Based on these facts and using arguments of asymptotic nature, these authors suggest an alternative procedure to the reiteration of the logit model fitting when factor levels are added. This procedure improves the precision of the estimates, using the true variance of the RV’s involved.

Now, as mentioned, the entire development applies in the univariate situation and saturated model exclusively, leaving pending the study of unsaturated logit model in the multifactorial situation. Such an extension is the aim in this work.

Besides, it must be mentioned that there are different courses of action than the asymptotic approach to the problem. For example, we may include (1) as a factor in the likelihood function; however, clearly an analytically intractable expression is obtained, and therefore, very difficult to derivate.

Another possible course of action is to postulate the exact distribution for each given data set, from the contingency table. This way to avoid the assumption of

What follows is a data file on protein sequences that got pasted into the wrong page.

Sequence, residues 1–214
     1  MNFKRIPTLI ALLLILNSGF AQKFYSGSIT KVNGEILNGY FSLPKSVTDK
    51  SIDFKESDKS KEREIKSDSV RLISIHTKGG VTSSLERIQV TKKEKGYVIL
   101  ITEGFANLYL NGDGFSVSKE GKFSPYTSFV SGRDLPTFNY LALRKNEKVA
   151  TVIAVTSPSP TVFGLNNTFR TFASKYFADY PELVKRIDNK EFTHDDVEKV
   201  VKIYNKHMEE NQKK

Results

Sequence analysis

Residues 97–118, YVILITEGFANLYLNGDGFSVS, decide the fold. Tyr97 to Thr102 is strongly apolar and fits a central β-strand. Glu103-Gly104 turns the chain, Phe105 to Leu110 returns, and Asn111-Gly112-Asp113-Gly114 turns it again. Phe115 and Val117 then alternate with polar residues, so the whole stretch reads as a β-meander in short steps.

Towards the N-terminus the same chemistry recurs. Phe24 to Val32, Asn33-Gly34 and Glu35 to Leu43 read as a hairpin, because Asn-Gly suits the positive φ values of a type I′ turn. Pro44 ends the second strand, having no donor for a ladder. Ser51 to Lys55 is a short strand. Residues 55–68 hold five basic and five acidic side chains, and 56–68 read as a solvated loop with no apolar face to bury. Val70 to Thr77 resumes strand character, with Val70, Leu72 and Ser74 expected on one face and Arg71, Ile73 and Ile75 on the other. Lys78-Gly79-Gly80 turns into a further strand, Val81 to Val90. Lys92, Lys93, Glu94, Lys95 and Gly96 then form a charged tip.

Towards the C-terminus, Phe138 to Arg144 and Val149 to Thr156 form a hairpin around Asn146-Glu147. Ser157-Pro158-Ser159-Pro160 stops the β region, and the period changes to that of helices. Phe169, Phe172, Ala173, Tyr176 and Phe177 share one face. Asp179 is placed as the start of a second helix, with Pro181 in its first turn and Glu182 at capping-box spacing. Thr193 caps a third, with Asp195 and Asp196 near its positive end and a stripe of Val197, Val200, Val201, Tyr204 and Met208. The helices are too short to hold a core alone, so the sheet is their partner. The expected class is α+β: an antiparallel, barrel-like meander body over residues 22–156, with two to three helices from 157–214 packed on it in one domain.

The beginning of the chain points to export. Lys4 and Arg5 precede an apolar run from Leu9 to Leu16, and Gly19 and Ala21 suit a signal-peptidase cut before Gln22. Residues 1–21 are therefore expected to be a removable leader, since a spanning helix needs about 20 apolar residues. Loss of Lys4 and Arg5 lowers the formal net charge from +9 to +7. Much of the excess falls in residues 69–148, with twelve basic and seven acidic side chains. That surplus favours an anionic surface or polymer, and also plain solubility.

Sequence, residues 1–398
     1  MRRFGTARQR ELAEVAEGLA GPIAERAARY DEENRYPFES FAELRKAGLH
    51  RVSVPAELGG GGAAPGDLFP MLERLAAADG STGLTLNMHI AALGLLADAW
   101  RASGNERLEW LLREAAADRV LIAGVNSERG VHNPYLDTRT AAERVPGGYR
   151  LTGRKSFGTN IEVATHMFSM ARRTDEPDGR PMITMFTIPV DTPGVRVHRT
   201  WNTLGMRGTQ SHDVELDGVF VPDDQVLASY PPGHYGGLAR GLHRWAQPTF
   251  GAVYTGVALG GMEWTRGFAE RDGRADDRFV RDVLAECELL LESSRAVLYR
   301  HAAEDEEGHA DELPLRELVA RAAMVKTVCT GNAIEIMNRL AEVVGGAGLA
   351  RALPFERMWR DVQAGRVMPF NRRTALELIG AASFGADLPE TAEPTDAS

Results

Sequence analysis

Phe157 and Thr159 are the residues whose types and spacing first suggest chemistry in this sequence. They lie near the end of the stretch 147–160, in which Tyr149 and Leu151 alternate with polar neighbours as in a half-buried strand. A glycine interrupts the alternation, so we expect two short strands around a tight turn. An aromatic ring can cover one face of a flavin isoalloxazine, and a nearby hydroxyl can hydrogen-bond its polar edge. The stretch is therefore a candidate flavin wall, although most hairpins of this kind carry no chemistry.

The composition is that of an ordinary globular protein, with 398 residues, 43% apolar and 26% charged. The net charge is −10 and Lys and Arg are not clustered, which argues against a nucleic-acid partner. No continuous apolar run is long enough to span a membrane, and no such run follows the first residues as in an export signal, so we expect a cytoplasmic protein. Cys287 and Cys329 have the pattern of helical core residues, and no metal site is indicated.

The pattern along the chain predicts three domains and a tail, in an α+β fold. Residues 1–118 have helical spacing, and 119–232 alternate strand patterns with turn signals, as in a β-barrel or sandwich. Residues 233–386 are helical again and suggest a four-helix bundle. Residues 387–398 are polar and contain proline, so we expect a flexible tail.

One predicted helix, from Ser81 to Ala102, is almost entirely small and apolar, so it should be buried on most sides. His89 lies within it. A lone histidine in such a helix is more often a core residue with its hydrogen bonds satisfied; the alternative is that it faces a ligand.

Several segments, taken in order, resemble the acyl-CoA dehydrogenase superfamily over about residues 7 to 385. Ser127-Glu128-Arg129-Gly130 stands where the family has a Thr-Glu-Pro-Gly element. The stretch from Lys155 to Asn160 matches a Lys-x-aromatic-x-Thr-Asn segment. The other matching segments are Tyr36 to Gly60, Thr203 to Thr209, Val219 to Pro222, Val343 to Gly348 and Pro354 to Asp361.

binomial populations, leading to the hypergeometric distribution and combinato- rial analysis. This path has been explored successfully in the theory of generalized linear model; however, it is not of very frequent application because it imposes considerable computational challenges.

It should also be mentioned that the aggregation of factor levels and subsequent repetition of a logit setting is of common practice among statisticians. Hosmer

& Lemeshow (2000, p. 136) suggested as a strategy to overcome the drawback of